At times, these discourses are not unthoughtful, particularly when characters struggle with the mystery of why God lets bad things happen. Even Bob wrestles with a tragedy that befalls one of his players, though he ultimately concludes that to ask why such things happen is to question God’s benevolence. This is an unfortunate remark; such questions are painful and mysterious, and our faith rejects glib or easy answers (see Catechism of the Catholic Church, 309), but we are not forbidden to ask the questions.
Other times, the dialogue consists of the broadest inspirational clichés. “It’s no longer about who the bigger, stronger, faster players are; it’s about who plays with more heart,” a character crows. No one actually says “There’s no ‘I’ in ‘team,’” but they come awfully close.
The film insists that there’s more to life than football. Yet the players urgently tell one another, not only at the outset, but even at the climax, “No matter where we go or what we achieve, nothing is going to come close to what we have here.” The idea of life climaxing at high school is depressing enough; more importantly, it undermines the movie’s bid for larger themes.
The mixed messages extend to the way the streak-shattering loss is shot and scored, making it seem like the ultimate catastrophe. Even Dern in the stands looks like she has witnessed a stunning tragedy. Afterwards, to give the players perspective, Bob has them volunteer at a VA rehab center, which has the desired inspirational effect (though the timing does make it seem like a motivational stunt). One player, accidentally bespattering himself with a patient’s urine, exclaims, “Aw, heck no!” I appreciate PG restraint, but the editor’s pen is a little too obvious here.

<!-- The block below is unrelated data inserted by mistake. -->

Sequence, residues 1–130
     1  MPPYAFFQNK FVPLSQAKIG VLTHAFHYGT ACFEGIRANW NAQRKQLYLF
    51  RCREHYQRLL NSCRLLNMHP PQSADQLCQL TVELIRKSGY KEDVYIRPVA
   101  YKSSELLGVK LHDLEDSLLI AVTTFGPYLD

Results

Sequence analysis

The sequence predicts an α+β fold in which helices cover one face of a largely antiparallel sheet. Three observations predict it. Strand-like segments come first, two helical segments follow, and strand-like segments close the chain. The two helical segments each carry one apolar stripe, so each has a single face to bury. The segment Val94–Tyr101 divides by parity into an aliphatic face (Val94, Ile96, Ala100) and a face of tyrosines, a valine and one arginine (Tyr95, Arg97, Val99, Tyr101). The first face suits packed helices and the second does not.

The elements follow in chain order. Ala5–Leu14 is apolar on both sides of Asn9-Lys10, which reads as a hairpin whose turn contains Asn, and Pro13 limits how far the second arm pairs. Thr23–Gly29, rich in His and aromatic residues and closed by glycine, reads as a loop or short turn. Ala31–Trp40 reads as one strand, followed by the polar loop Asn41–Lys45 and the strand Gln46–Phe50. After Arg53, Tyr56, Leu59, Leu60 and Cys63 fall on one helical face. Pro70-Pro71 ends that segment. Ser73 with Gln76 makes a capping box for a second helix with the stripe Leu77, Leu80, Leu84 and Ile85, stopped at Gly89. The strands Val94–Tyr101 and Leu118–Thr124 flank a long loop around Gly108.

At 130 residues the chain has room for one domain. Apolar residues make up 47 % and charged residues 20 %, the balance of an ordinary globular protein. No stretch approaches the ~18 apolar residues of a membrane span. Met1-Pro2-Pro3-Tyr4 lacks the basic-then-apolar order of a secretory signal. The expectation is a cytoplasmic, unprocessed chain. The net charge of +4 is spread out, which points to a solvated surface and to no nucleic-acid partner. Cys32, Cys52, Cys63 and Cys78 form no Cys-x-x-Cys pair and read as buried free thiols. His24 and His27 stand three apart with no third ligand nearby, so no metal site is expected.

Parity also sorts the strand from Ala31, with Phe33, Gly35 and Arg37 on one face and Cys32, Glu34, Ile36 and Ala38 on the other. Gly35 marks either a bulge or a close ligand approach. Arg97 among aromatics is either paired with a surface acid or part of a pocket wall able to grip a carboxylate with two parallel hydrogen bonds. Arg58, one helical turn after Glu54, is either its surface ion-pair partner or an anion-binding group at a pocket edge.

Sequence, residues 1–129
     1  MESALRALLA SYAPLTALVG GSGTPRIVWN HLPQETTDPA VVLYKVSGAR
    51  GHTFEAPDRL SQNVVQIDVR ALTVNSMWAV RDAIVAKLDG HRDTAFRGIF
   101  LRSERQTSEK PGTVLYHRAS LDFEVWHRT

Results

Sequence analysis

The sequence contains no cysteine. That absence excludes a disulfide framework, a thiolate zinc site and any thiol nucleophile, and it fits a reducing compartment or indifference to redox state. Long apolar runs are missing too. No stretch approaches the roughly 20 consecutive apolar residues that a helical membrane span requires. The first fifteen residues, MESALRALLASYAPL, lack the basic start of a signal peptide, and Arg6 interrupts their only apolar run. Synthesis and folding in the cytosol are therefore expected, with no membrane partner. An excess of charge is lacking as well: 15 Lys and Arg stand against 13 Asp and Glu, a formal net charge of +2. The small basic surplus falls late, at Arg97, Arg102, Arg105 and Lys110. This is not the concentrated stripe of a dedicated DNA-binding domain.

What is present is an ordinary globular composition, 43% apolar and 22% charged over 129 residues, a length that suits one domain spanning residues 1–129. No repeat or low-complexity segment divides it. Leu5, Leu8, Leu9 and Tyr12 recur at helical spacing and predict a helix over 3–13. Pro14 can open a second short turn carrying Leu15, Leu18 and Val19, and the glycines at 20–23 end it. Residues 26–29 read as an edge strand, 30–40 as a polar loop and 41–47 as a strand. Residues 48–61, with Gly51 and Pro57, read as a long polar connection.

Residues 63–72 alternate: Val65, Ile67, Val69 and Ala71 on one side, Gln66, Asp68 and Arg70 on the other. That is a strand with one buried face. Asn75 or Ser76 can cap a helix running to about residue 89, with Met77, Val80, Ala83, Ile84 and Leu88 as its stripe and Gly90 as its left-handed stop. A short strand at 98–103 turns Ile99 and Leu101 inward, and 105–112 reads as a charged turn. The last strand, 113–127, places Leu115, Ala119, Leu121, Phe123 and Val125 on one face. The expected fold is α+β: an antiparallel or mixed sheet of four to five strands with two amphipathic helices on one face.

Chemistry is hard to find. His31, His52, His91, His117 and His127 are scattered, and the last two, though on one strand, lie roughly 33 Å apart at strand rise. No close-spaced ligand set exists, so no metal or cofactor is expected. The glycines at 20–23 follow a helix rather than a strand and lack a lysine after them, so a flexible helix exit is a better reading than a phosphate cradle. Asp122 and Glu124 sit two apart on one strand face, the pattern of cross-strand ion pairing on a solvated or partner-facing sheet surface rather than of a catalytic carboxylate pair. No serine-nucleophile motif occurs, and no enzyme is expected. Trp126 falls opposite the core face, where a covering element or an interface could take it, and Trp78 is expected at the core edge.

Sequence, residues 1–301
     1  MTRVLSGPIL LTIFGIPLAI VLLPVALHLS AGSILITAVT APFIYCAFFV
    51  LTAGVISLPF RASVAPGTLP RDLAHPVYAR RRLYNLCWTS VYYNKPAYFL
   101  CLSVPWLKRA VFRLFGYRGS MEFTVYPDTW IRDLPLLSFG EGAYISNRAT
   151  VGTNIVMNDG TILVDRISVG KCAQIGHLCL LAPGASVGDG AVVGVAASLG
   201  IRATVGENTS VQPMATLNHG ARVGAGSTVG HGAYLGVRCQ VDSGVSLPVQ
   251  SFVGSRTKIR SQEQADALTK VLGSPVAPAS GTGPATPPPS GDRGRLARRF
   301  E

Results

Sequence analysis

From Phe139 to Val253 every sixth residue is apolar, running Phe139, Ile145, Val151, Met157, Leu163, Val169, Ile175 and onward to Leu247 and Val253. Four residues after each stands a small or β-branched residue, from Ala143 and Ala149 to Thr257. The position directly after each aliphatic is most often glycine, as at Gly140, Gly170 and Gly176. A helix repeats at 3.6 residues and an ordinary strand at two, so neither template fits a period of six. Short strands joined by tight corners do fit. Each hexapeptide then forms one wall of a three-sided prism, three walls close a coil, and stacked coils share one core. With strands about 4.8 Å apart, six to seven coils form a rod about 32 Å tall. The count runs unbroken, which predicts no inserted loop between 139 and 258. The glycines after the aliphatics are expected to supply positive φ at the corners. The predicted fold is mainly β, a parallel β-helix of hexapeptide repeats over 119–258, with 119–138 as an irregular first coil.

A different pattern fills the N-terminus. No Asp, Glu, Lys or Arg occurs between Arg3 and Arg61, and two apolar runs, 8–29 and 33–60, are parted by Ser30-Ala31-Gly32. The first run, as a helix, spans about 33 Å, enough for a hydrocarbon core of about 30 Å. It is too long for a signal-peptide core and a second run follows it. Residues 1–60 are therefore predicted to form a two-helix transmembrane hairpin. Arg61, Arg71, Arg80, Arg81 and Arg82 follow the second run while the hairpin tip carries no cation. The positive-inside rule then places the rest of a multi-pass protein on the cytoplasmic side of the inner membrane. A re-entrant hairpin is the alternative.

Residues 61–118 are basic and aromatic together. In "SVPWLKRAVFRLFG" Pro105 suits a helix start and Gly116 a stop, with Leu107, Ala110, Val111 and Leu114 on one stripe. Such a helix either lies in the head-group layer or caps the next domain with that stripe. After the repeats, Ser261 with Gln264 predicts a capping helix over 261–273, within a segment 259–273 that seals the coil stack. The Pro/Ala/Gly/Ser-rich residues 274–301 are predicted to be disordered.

The film wears its faith-friendly milieu lightly — so lightly, in fact, that De La Salle could easily be a Baptist school. The Spartans pray the Lord’s Prayer before games, and there’s a scene of Bob teaching a religion class in which his players ponder the meaning of Luke 6:38. One student mentions attending a Baptist church, and there’s a funeral set in what seems to be a black Baptist church, but I don’t recall any notable Catholic religiosity.
Caviezel’s low-key performance makes some sense after his health scare, but the role needed more energy in the first act. (Watch the end-credits footage of the real Ladouceur; he doesn’t raise his voice, but there’s a matter-of-fact vitality there.)
The theme of father-son conflict plays out very differently between star player Chris Ryan (Alexander Ludwig) and his stereotyped abusive dad (Clancy Brown), who’s over-eager for his son to break the state scoring record. (Chris’s dad laughs derisively when Bob mentions Chris’ paper on Matthew 23:12. In a film not aimed at believers, the abusive dad would be quoting Scripture with the best of them.)
Toward the end is a crucial moment in which Chris chooses to honor his coach and the team rather than pursue his own glory. A more interesting movie might have at least raised the question of whether Chris was also choosing to stick it to his father.
Caveat Spectator: Lots of punishing sports violence; a fatal shooting; some drug references; brief innuendo and crude language. Tweens and up.